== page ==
33. 33. The Wildfire Spread of Computationalp pIdeas"Everyone knows that computational and information technology hasspread like wildfire throughout academic and intellectual life. But thespread of computational ideas has been just as impressive. Biologists notonly model life forms on computers; they treat the gene, and even wholeorganisms, as information systems. Philosophy, artificial intelligence, andcognitive science dont just construct computational models of mind; theyg j p ; ytake cognition to be computation, at the deepest levels. …Physicists dont just talk about the information carried by a subatomicparticle; they propose to unify the foundations of quantum mechanics withnotions of information “notions of information.Brian Cantwell Smith, The Wildfire Spread of Computational Ideas, 2003p. 33
  34. 34. Cognition as Computation(Processing of Information)(Processing of Information)Networks at the Basis of Cognition100 billions of neurons connectedwith tiny "wires" in total longermore than two times the earthcircumference. This intricate andapparently messy neural circuitth t i ibl fthat is responsible for ourcognition and behavior. of Computation: Information Processing in Single NeuronsChristof Koch, 1999. p. 34
  35. 35.
  36. 36. What is Cognition?● Process of perceivingg● Process of perceiving,reasoning, decisionmaking and thinking.● Body’s & brain ’s way ofprocessing information tocreate meaning / makecreate meaning / makesense for an agent.36
  37. 37. Cognitive Network TechnologyCog t e et o ec o ogy 37
  38. 38. The Human Brain Projectj(€500 million 10-year, FET flagship)The human brain project has ten years to build the brain withThe human brain project has ten years to build the brain withsupercomputers in collaboration between 80 researchinstitutions in Europe. Lausanne, CHProf Henry MarkramProf. Henry Markram28th January 2013 p. 38
  39. 39. Naturalized EpistemologyData – Information - KnowledgeData Information - KnowledgeInformation Processing“Dynamics lead to statics, statics leads to dynamics, and thesimultaneous analysis of the two provides the beginning of anunderstanding of that mysterious process called mind ”understanding of that mysterious process called mind.Goertzel, Chaotic LogicSelf-generating computation systems“a component system is a computer which, when executing itsoperations (software) builds a new hardware.... [W]e have acomputer that re-wires itself in a hardware-software interplay:the hardware defines the software and the software definesthe hardware defines the software and the software definesnew hardware. Then the circle starts again.”George Kampis p 223 Self-Modifying Systems in Biology andGeorge Kampis, p. 223 Self-Modifying Systems in Biology andCognitive Science39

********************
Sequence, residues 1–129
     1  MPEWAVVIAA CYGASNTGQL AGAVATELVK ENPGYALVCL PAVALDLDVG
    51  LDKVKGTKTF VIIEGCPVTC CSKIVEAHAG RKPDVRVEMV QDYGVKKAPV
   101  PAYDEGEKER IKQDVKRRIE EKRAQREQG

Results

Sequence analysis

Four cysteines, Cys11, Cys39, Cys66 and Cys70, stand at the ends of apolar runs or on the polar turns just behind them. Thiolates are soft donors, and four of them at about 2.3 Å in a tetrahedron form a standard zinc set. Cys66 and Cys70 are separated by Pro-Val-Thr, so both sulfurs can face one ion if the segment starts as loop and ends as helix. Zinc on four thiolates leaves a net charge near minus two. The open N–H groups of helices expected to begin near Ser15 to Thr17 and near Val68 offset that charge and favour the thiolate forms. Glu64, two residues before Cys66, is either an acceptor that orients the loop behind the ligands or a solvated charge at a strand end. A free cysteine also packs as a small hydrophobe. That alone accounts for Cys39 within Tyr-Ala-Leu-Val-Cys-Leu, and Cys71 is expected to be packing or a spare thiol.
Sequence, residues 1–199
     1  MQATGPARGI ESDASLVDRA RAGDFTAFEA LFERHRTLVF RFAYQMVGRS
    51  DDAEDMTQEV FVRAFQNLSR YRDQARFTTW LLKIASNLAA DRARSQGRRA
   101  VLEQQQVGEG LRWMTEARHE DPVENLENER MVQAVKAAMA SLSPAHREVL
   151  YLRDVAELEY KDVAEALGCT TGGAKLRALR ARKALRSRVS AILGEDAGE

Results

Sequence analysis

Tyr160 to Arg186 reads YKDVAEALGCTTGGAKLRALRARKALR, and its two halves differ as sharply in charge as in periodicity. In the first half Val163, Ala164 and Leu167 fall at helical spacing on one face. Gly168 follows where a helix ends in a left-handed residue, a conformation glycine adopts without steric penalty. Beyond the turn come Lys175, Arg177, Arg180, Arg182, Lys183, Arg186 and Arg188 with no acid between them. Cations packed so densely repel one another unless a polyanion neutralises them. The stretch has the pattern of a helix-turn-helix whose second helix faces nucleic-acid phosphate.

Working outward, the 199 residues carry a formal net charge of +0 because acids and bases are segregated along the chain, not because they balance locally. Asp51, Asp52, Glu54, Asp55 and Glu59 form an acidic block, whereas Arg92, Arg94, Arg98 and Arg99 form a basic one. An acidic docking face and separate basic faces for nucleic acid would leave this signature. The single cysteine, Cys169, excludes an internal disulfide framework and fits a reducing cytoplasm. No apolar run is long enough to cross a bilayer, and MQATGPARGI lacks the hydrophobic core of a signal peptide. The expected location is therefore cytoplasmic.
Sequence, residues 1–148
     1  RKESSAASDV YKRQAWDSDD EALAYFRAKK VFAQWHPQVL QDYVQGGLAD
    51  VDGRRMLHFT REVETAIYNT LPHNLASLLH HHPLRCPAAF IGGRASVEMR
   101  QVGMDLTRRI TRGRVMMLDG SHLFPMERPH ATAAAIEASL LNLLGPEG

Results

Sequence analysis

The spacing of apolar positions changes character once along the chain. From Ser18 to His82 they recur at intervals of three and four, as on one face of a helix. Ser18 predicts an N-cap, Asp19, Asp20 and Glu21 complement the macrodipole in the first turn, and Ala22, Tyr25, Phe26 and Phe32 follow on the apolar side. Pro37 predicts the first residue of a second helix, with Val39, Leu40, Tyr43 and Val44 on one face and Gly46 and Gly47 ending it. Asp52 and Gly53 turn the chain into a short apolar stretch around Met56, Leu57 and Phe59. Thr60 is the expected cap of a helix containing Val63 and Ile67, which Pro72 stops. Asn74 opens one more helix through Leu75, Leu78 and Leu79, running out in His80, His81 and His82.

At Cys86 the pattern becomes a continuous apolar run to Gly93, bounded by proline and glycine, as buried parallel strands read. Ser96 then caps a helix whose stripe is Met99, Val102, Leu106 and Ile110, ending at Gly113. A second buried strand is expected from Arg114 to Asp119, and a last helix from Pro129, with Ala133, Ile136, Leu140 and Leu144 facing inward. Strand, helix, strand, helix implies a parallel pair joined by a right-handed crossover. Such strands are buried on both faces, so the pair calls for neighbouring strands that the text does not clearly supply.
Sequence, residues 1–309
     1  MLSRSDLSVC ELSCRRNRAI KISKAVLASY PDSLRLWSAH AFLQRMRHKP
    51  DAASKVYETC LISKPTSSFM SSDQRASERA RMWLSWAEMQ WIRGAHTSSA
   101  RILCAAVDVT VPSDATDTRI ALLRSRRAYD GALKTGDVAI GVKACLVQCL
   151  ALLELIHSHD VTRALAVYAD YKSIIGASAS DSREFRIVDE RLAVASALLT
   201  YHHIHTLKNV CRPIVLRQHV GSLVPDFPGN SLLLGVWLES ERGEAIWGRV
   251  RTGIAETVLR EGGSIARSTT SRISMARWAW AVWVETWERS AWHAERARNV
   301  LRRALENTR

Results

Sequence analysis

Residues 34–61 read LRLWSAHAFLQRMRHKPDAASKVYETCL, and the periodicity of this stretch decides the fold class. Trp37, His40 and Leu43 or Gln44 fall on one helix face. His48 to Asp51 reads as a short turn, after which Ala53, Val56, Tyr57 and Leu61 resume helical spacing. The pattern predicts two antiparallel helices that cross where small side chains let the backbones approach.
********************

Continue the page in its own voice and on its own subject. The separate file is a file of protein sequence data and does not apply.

40. 40. Naturalized EpistemologyData – Information - Knowledge asData Information - Knowledge asInformation ProcessingInteractive explanation is future oriented, based on the fact that theagent is concerned with the anticipated future potentialities ofagent is concerned with the anticipated future potentialities ofinteraction.The actions are oriented internally to the system, which optimizestheir external outcome.their external outcome.The environment in the interactive case represents resources andconstraints for the agent.Information exchange with the environment is a part of interactiveInformation exchange with the environment is a part of interactiverelation.40
  41. 41. How Does Nature Compute?Evolution + Self-OrganizationEvolution + Self-OrganizationC iti f th l ti h ti thCritics of the evolutionary approach mention theimpossibility of “blind chance” to produce suchhighly complex structures as intelligent livingorganisms Proverbial monkeys typingorganisms. Proverbial monkeys typingShakespeare are often used as illustration (aninteresting account is given by Gell-Man in hisQuark and the Jaguar )Quark and the Jaguar.)Chaitin and Bennet: Typing monkeys’ argumentdoes not take into account physical laws of theuniverse which dramatically limit what can beuniverse, which dramatically limit what can betyped. Moreover, the universe is not a typewriter,but a computer, so a monkey types random inputinto a computer The computer interprets theinto a computer. The computer interprets thestrings as programs.41
  42. 42. Naturalizing EpistemologyNaturalized epistemology (Feldman, Kornblith, Stich) is, in general, anp gy ( , , ) , g ,idea that knowledge may be studied as a natural phenomenon --that the subject matter of epistemology is not our concept ofknowledge, but the knowledge itself.The stimulation of his sensory receptors is all the evidence anybodyhas had to go on, ultimately, in arriving at his picture of the world. Whyt j t h thi t ti ll d ? Wh t ttlnot just see how this construction really proceeds? Why not settlefor psychology? ("Epistemology Naturalized", Quine 1969; emphasismine)I will re-phrase the question to be: Why not settle for computing?Epistemology is the branch of philosophy that studies the nature, methods, limitations,and validity of knowledge and belief.42
  43. 43. Why not Settle for Computingh M d li C iti ?when Modeling Cognition?In this framework knowledge is seen as a result of the structuring ofinput data:data → information → knowledgedata → information → knowledgeby an interactive computational process going on in the nervoussystem during the adaptive interplay of an agent with theenvironment which clearly increases its ability to cope with theenvironment, which clearly increases its ability to cope with thedynamical changing of the world.Hebbian learningHebbian learning 43